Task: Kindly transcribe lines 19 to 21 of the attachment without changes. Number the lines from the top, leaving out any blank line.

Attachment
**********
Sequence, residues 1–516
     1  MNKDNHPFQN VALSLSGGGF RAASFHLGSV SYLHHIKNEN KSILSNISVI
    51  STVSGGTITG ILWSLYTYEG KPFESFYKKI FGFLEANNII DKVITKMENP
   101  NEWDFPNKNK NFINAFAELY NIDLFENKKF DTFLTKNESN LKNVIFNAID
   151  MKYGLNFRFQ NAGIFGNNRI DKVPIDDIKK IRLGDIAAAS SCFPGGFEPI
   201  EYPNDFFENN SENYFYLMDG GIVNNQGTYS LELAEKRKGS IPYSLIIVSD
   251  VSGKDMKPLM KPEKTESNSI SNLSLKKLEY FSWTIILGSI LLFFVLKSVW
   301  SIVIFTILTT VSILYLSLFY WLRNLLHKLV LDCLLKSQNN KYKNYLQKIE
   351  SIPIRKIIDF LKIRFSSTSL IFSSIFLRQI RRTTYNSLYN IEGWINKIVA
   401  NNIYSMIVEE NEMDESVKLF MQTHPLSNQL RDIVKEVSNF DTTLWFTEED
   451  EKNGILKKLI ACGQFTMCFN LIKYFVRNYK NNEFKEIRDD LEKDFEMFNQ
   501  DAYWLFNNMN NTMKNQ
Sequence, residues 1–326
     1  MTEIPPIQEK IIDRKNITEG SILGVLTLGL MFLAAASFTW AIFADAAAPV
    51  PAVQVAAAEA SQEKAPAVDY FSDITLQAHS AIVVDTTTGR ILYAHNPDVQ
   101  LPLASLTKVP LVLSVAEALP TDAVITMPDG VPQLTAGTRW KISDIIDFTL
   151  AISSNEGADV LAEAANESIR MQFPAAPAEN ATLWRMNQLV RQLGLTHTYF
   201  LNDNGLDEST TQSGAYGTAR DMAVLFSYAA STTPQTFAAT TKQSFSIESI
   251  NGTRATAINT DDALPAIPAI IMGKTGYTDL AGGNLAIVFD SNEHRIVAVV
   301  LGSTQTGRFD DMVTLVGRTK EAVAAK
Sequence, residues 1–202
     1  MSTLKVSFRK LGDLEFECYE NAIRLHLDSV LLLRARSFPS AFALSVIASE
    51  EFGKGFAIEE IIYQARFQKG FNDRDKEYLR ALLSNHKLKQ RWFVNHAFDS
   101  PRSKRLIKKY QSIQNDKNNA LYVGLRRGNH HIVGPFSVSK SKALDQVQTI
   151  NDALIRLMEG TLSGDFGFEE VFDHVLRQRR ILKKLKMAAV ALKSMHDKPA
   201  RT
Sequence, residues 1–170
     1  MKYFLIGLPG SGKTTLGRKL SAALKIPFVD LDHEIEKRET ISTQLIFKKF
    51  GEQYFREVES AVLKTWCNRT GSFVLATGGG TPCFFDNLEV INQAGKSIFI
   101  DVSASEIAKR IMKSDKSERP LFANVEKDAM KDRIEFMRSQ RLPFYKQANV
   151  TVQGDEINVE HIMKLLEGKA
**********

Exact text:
   251  NGTRATAINT DDALPAIPAI IMGKTGYTDL AGGNLAIVFD SNEHRIVAVV
   301  LGSTQTGRFD DMVTLVGRTK EAVAAK
Sequence, residues 1–202